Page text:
It was fussier than the Hurom. The main drawback was that everything needed to be cleaned by hand and there were lots of places for pulp to get snagged. Attempting to fish out strings of the celery from the back of the extruder was as frustrating as any carnival game. While it’s one of the most expensive juicers we tested, it (like the Hurom) does come with a 10-year warranty on the motor and 2-year warranty on parts.
$197 at Amazon
If you’re daunted by daily fruit and vegetable prep, the Breville Juice Fountain deserves a look. The three-inch wide chute means that big pieces of fruit, like half a Granny Smith apple, fit easily, and that’s less chopping for you. The juicer snapped together fairly quickly, but some of the connections — the top of the pitcher and where the plastic housing met the pulp container — were clunky.
The Breville produced juice quickly, a benefit if you’re regularly juicing for more than two people. It handled oranges, carrots and watermelon well, although some carrot juice and pulp was trapped around the rim of the strainer. The juice was a bit foamy with slightly more body than the other centrifugal juicers. The flavor wasn’t as clean as the juice extracted by the masticating juicers we tested.
The Breville did struggle with kale, as several leaves sat atop the strainer when we opened it up. The juice also came out violently. Thankfully the massive 70-ounce pitcher came with a snap-on top, which prevented juice from spraying on the counter. The juicer does need to be washed by hand and while the parts are larger, there are plenty of curves that can snag bits of pulp.
$78 $70 at Amazon
It felt like magic watching an entire carrot disappear down the oversized, 3-inch-wide feeding tube of this budget juicer. And the carrot juice it produced was rich and earthy without being foamy.
Yet, the magic didn’t last. The centrifugal juicer snapped together quickly and stayed in place thanks to rubber feet, but it doesn’t come with a container for catching juice. While it’s less than 15 inches tall, the added height of the tamper meant we had to use it at the front of our counters as it was bumping up against the bottom of upper cabinets. When we clicked on, it was loud enough to wake a sleeping dog in the next room.
The orange juice was too thin, with a bit of pulp, and the flavor of the watermelon juice was muddy. The juicer struggled to break down leafy greens and the green juice was foamy and slightly bitter. Pulp got trapped along the rim where the strainer snapped in place. Stringy pieces of carrot were difficult to remove from the strainer. We also found whole leaves, pieces of apple skin and thin carrot slices among the wet pulp (which means less juice was extracted from fruits and vegetables).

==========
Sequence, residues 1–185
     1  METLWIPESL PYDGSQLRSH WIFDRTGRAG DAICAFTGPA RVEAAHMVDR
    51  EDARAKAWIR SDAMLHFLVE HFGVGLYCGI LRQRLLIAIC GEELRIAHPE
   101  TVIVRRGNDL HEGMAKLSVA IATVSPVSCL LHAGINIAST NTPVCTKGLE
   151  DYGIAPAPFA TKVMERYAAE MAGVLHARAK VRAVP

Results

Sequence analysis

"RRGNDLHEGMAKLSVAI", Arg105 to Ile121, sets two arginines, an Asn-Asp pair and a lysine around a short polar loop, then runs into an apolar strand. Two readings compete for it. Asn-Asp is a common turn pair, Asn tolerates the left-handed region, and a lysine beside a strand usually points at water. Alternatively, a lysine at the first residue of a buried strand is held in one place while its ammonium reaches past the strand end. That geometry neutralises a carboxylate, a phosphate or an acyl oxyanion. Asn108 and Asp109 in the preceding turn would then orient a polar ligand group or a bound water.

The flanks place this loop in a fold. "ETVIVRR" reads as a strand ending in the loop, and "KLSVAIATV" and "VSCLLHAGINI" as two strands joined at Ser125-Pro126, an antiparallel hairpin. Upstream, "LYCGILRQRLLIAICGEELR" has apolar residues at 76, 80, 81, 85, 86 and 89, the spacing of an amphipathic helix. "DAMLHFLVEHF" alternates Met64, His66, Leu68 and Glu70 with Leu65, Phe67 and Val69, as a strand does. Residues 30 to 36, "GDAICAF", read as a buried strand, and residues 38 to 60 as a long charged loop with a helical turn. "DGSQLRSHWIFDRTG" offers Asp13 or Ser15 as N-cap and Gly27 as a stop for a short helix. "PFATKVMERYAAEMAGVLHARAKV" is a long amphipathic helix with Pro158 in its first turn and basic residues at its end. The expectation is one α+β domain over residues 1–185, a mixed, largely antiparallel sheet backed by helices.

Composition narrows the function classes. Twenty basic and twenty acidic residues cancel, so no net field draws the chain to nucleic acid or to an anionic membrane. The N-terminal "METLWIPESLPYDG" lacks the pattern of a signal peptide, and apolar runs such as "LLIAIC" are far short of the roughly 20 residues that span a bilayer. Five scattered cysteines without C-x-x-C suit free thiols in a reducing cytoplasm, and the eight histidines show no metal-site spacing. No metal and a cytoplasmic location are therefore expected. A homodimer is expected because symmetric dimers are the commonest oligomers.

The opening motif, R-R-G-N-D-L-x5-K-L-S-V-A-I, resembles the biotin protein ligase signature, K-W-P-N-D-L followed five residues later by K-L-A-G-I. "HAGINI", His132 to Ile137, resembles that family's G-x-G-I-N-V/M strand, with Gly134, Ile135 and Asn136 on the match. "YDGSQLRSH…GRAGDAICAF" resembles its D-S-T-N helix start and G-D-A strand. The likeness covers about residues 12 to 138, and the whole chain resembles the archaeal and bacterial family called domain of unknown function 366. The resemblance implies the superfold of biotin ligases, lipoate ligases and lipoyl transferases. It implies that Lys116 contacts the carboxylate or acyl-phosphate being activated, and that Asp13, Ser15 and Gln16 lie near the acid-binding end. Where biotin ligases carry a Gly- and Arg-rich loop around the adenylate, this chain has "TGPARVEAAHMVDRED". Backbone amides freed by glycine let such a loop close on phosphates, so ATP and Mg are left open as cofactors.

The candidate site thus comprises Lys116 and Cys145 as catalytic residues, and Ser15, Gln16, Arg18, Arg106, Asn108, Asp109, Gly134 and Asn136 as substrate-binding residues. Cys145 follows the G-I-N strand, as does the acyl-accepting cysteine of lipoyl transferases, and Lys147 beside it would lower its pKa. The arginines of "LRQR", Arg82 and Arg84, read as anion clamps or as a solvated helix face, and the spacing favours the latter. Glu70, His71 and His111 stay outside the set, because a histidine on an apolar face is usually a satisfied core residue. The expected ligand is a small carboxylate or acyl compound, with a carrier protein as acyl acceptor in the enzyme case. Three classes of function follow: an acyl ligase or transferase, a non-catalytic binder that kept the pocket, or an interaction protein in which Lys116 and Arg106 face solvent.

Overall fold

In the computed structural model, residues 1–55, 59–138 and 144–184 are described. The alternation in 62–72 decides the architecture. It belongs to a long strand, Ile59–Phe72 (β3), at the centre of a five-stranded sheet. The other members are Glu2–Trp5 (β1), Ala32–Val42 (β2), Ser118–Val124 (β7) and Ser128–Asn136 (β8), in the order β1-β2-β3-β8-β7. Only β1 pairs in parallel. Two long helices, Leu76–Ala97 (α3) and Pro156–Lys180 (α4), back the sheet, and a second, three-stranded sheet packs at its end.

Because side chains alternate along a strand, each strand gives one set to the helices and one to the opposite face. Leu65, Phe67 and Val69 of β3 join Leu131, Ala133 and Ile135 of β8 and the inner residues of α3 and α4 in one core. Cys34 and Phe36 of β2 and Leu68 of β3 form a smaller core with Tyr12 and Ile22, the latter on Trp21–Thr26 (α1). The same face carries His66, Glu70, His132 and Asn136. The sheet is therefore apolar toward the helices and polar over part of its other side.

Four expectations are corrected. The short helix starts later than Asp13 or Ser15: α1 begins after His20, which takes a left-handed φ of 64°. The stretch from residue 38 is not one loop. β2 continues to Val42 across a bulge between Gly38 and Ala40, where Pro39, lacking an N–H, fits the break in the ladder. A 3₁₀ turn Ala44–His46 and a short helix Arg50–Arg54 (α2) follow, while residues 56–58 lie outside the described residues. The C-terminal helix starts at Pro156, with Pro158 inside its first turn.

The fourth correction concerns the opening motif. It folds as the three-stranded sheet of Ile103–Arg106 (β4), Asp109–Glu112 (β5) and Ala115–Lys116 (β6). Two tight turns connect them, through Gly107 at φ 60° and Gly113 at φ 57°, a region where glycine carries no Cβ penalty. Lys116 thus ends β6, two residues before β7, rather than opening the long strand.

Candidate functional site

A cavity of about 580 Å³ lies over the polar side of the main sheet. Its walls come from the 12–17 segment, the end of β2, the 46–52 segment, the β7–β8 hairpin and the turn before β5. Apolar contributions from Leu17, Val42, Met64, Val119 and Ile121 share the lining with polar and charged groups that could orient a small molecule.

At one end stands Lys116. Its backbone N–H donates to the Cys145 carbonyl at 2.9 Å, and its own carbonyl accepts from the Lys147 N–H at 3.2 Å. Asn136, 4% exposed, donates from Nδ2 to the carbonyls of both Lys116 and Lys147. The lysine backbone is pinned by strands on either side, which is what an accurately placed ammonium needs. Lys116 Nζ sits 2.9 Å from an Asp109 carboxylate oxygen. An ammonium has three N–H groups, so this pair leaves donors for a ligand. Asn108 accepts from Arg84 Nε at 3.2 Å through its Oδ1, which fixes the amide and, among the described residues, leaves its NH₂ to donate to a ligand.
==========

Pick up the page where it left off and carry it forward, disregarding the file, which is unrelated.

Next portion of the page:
All of the components, except the base, are dishwasher-safe, so the juicer was easy to clean. The blades were sharp, which we unfortunately discovered with the tip of a finger when we were trying to clean out some of the kale leaves by hand. The juicer does come with a 3-year limited warranty.
$300 at Amazon
While the Kuvings masticating juicer was easy to assemble and clean, the act of juicing had a bit of a learning curve. It was on the quieter side of the models we tested, only slightly louder than the Hurom.
The auger did a nice job of slowly pulling in fruits and vegetables. Softer fruit like watermelon and orange slices tended to hang out in the main chamber. This took more time and use of the reverse button to keep the fruit pulp moving.
This balancing act fell apart with carrots as the dense, slightly wet pulp gummed up the works and had to be cleaned out in the middle of juicing. The leafy green juice was clean, if a bit foamy, but the foam was nicely kept out of a drinking glass by the included pour shield.
The juicer is compact, about the size of a small toaster. As a result, the feeding tube is narrow and the juice container would need to be poured into another vessel if you were making a large batch of juice. The Kuvings does have a 5-year limited warranty and is available in three colors: chrome, white and silver. The juicer also comes with seven different nozzles designed for extruding fresh pasta or grinding meats and nuts.